At the sound of gunshots, prisoners fell lifeless to the ground. Their bodies, still warm, were carried to a nearby white van, where two white-clad doctors waited. Behind closed doors, they were cut open, their organs carved out for sale on the transplant market.
The grisly scene, which sounds more like the plot of a horror movie than a real-life account, took place in China more than 20 years ago at the direction of state authorities. It was witnessed by Bob (a pseudonym), who was a public security officer providing security at the sites where death-row prisoners were executed.
“The harvesting of death-row prisoners’ organs was an open secret,” Bob, who is now based in the United States, told The Epoch Times. He declined to use his real name for fear of reprisal by the regime. The Epoch Times has verified his police ID and other personal information.
Bob described being an unwitting participant in an “industrialized” supply chain that converted living humans into products for sale in the organ trade. The players in this macabre industry include the judicial system, police, prisons, doctors, and the Chinese Communist Party (CCP) officials who issue the directives.
His account from the mid-1990s sheds light on one stage in the disturbing evolution of the CCP’s long-running practice of harvesting organs from nonconsenting donors. While Bob witnessed organ extraction from prisoners who were already dead, in the following years, the regime would go on to implement—and deploy on a mass scale—a practice far more sinister: harvesting organs from live prisoners of conscience, particularly Falun Gong practitioners.
Bob joined the police force in 1996 and worked as a civilian police officer. From time to time, he assisted in maintaining order at a court where executions are confirmed and at various execution sites in the city. Later, in 1999, as a result of posting an online message critical of the authorities, Bob himself was put in detention for more than a year. Inside, he was able to observe the handling of death-row prisoners, and thus piece together the process from conviction to execution to organ harvesting.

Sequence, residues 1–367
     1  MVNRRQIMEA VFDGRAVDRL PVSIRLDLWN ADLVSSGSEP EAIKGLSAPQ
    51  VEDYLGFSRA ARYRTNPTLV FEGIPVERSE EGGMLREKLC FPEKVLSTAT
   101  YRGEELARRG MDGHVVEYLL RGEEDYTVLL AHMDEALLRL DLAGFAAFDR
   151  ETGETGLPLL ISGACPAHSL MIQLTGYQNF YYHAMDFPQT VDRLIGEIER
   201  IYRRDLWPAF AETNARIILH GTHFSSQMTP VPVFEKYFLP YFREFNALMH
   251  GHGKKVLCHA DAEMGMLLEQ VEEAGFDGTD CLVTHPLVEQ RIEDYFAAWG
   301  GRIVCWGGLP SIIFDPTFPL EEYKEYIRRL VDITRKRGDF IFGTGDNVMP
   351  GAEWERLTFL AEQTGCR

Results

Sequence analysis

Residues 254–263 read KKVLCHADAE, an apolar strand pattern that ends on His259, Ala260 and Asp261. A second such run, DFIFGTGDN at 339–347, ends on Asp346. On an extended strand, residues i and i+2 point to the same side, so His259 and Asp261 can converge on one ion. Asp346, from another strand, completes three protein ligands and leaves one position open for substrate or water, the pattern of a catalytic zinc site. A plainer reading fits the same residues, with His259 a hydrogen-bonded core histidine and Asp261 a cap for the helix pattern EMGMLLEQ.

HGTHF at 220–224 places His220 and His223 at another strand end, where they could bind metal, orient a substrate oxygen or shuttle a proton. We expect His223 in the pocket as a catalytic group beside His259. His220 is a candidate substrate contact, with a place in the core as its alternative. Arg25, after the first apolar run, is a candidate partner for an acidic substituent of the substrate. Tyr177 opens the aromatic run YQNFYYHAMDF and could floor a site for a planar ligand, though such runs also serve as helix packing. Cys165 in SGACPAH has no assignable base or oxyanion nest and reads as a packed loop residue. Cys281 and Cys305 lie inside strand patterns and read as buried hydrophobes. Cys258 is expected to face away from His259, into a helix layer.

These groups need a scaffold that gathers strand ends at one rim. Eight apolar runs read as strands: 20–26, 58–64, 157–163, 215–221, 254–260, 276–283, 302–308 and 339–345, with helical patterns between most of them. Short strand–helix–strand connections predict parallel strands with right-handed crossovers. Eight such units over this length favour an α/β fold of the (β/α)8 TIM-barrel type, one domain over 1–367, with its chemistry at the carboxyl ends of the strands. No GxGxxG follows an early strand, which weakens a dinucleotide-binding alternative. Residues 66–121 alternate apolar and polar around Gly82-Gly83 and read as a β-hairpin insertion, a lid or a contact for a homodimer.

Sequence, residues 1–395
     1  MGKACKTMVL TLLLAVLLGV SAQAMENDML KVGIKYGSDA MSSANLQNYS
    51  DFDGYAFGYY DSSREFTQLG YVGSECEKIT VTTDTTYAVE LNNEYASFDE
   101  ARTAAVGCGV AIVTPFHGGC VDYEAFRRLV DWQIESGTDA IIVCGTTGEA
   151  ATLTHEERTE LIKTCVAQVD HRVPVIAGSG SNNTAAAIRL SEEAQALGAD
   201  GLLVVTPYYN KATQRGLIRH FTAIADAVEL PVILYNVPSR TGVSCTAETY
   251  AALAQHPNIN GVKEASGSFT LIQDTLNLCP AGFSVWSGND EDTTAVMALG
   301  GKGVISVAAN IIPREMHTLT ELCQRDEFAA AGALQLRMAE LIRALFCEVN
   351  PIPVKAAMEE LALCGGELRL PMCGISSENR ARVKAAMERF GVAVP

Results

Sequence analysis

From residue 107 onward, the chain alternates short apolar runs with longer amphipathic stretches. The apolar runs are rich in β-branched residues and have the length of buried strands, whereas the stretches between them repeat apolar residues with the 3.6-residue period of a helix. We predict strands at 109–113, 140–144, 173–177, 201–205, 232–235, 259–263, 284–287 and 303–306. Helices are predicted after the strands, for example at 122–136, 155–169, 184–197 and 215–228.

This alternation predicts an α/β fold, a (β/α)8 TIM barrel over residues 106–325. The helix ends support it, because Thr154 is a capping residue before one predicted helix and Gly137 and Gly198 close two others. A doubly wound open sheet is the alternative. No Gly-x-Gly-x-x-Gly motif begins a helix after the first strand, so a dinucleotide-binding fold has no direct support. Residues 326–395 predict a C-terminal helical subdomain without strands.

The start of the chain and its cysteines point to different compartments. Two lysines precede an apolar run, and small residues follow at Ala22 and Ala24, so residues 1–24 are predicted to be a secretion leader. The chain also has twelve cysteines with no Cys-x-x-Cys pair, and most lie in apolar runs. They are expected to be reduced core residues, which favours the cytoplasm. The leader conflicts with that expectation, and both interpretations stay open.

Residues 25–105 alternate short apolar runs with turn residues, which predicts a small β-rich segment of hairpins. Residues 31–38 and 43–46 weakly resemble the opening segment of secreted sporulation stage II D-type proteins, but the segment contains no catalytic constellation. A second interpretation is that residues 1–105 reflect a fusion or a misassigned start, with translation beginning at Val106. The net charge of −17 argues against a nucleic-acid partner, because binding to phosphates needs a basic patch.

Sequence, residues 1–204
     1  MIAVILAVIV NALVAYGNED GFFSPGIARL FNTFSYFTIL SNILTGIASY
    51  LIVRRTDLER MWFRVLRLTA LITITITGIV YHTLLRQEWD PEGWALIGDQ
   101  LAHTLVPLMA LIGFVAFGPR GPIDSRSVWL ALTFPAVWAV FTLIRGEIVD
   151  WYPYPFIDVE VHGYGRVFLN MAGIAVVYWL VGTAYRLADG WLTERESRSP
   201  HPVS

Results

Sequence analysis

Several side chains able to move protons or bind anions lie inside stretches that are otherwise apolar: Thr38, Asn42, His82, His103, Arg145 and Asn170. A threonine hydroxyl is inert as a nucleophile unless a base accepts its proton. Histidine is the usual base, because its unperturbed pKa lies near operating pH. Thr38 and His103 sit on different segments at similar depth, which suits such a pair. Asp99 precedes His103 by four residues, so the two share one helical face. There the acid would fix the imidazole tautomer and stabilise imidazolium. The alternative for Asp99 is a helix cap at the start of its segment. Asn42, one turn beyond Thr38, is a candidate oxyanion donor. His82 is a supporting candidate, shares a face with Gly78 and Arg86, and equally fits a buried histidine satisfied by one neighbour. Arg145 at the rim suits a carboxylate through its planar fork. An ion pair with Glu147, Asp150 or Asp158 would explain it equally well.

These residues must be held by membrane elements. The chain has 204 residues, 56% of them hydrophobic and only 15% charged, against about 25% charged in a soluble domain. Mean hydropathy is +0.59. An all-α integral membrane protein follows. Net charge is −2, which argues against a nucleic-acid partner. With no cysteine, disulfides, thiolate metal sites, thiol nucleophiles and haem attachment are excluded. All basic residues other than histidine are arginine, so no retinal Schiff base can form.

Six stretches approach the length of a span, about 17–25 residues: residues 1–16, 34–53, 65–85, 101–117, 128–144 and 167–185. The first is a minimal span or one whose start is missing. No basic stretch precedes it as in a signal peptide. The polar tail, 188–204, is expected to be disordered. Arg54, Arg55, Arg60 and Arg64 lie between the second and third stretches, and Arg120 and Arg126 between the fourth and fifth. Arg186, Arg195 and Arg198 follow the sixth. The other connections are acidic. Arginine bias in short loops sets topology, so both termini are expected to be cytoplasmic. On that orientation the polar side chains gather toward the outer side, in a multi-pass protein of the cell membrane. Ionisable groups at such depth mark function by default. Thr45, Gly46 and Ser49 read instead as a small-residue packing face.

After being sentenced to death, an inmate would be placed in hand and ankle cuffs, the latter weighing up to 33 pounds, to prevent escape. One or two other prisoners would keep watch over them at all times. A blood test—a step to identify possible donors—and a mental and physical health check would also be conducted at this time, in a dedicated medical room in the detention center.
“As far as I know, no one told the death-row prisoners their organs would be extracted,” Bob said.
Executions typically occurred ahead of major holidays, he said.
Death-row prisoners would have to attend a public hearing at a higher court, where a judge would confirm or overturn the death sentence assigned by the original court.
Those destined for execution—ranging from a handful to more than a dozen each time—were then marched out of the courthouse to a procession of 20 to 30 vehicles waiting outside, Bob said. The convoy also transferred local officials assigned to witness the executions. They included the vice director from the local public security bureau, the judge, and other personnel who handled the cases.
All the cars had red cloth or paper taped over the windows and carried a numerical marking.
The prisoners determined to be suitable to have their organs extracted (as a result of the tests) would be injected with a drug said to relieve their pain. Its actual purpose, though, was to prevent blood coagulation from damaging the organs after brain death, Bob said.
Those slated for organ harvesting were typically young, healthy men, usually in their 20s and 30s without a history of major illness, according to Bob.
At the execution site, prisoners were arranged in a line to be shot in the back of the head.
The closest prisoner would stand roughly three to five meters (10 to 16 feet) away from where Bob stood guard.
BY EVA FU